• Malika
    2019-03-12 22:31

    This is easily one of the best poetry collections that I have read for the year. I simply could not put it down. An ambitious, yet fresh approach to colonialism.it most certainly uses a novel way of interlacing Jamaican language with the 'standard' English. Miller establishes a Rasta poetics, employing the musicality and 'I' ness of the language with the mythology of Zion. This is a great development of the work Miss Lou started in her poetry and she would have been proud to see the way Miller is pushing/ playing / experimenting with the Jamaican language.

  • Jamie
    2019-03-03 23:45

    I really enjoyed this collection of poetry. I've not read a collection that told a story in the way this one does.In poetic form it tracks the journey and discussion of the narrator and the cartographer, looking at issues of language, maps, colonialism and imperialism. The structure of some of the poems was not in a typical fashion and that seemed in fitting with the message about maps wiping out the actual features of the island, compared to spoken poetry and the written forms it is supposed to adopt. I can see why this won the Forward Prize.

  • Rick
    2019-03-22 20:27

    “On this island things fidget.Even history.The landscape does not sitwillinglyas if behind an easel… Landscapes shift,become unfixedby earthquakeby landslideby utter spite.Whole places will slipout from your grip.” The island is Jamaica. The poem is titled “What the Mapmaker Ought to Know.” Kei Miller’s third collection of poems is extraordinary. His superb novel, Augustown found its way into publication in the US in 2017 and I hope, given its success, and this volume’s excellence, that now the rest of this gifted writer gets to these shores. But in the meantime when it comes to the poetry I am going to continue to order it from the UK until it does. “In the long ago beginningthe world was unmapped. It was nothing really –just a shrug of Jah.” This starts and ends the second poem in this collection that rarely strays far from rich notions of mapping, knowing and perspective. It particularly looks at different ways of seeing, sometimes as embodied by the perspectives of a cartographer and a rastaman in a sequence of 27 poems that appear seeded throughout the collection. But there are also ten dictionary-style prose poems that explore the meaning of Jamaican place names with history and legend, a poem about rubber ducks that spilled into the ocean and whose current driven navigations represent another kind of mapping, and individual poems that include words like roads, atlas, maps, view, and distance in their titles. It is a collection that enlightens and entertains, the verses fairly sing in a variety of moods and tones--light and dark, mystical and grounded, political and spiritual, earthy and Zion bound. Some samples, first a whole poem then some excerpts of poems: "UnsettledSo consider an unsettled island.Inside—the unflattened and unsugaredfields; inside—a tegaregsprawl of roots and canopies,inside—the tall sentries of blood-wood and yoke-wood and sweet-wood,of dog-wood, of bullet trees so hardthey will one day splinter cutlasses,will one day swing low the carcassesof slaves; inside—a crawlingbrawl of vines, unseemlyflowers that blossom from their spines;inside—the leh-guh orchids and labrishinghibiscuses that throw raucoussyllables at crows whose heads are redas annattos; inside—malarial mosquitoesthat rise from stagnant ponds;inside—a green humidity thick as mud;inside—the stinging spurge, the night-shades, the Madame Fates;inside—spiders, gnats and bees,wasps and lice and fleas; inside—the dengue, the hookworm, the heatand botheration; unchecked mackasharp as crucifixion. This is no paradise—not yet—not this unfriendly, untamed island—this unsanitised, unstructured island--this unmannered, unmeasured island; this island: unwritten, unsettled, unmapped.” The start of another poem: “This is my people’s measure of long time—‘Dat a from when Wappy kill Filop!’long ago crime, recounted now in folkchronometry. Filop, we might imagine, was once ‘Philip,’ name since rounded outlike a river stone by the flow of our creole,or maybe just the accent of earththe way a piece of grung might openits mouth to say the name of onewhose blood is has absorbed.”From the rastaman-cartographer sequence: “But there are mapsand then again; there are maps;for what to call the haphazarddance of bees returningto their hives… And what to call the bloodof hummingbirds but mapsthat pulse the tiny bodies acrossoceans and then back?” All things, then, are maps, maps to Zion if we wish, maps of where we've been, where we are, where we might yet go. But to end with the rastaman, the key to any map requires that we must, as he “bids you / Trod Holy.”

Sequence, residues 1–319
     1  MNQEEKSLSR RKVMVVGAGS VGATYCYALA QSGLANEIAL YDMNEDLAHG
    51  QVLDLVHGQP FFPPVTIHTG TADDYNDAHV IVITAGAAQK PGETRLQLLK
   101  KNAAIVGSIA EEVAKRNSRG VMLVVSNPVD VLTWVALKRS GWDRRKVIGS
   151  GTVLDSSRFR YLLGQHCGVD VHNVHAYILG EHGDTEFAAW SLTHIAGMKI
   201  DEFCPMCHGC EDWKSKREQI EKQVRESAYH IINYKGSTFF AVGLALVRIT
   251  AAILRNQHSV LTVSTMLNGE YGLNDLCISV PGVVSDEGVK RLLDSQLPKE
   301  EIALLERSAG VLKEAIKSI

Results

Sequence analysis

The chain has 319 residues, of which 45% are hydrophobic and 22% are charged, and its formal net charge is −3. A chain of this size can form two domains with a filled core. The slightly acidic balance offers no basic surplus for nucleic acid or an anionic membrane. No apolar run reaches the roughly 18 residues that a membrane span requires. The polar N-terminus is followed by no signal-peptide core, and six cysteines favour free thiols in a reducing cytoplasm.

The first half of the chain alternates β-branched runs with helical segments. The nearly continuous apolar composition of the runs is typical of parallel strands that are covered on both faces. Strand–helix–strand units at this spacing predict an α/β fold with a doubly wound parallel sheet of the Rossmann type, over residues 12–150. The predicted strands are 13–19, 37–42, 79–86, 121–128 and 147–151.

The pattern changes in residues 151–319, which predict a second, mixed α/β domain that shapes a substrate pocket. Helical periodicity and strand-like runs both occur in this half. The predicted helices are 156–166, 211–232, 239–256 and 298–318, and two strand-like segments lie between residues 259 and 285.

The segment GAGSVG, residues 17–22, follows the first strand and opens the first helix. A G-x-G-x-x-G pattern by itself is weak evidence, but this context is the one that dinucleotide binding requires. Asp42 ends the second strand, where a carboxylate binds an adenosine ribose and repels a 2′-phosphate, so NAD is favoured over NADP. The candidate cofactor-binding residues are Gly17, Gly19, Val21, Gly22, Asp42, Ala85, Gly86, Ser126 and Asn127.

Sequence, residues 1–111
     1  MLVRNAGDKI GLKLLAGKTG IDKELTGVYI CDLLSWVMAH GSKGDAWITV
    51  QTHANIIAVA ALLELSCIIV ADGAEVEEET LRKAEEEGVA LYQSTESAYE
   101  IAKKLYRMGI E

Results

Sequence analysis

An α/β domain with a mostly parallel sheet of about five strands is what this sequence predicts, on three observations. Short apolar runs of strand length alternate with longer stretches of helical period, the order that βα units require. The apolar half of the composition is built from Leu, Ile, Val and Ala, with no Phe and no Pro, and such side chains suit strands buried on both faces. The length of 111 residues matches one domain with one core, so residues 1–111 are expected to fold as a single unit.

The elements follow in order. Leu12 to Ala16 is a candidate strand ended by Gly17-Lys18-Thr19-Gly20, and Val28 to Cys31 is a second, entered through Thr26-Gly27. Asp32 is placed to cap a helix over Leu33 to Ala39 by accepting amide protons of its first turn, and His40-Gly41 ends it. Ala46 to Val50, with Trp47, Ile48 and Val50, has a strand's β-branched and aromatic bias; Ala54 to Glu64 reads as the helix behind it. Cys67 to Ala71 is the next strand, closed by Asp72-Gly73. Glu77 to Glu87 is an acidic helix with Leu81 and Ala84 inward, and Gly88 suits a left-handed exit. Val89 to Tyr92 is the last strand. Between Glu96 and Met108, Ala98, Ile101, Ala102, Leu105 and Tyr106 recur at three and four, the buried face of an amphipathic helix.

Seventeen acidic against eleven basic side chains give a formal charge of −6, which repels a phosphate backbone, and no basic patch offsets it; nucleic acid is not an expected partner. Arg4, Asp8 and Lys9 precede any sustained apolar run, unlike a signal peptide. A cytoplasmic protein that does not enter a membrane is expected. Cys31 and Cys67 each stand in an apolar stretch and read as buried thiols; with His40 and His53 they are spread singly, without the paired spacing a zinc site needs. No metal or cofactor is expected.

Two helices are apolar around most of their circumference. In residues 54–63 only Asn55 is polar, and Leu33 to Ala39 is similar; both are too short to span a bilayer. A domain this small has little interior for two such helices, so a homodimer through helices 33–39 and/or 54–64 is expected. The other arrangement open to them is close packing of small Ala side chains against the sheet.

• Kathy
    2019-02-26 02:44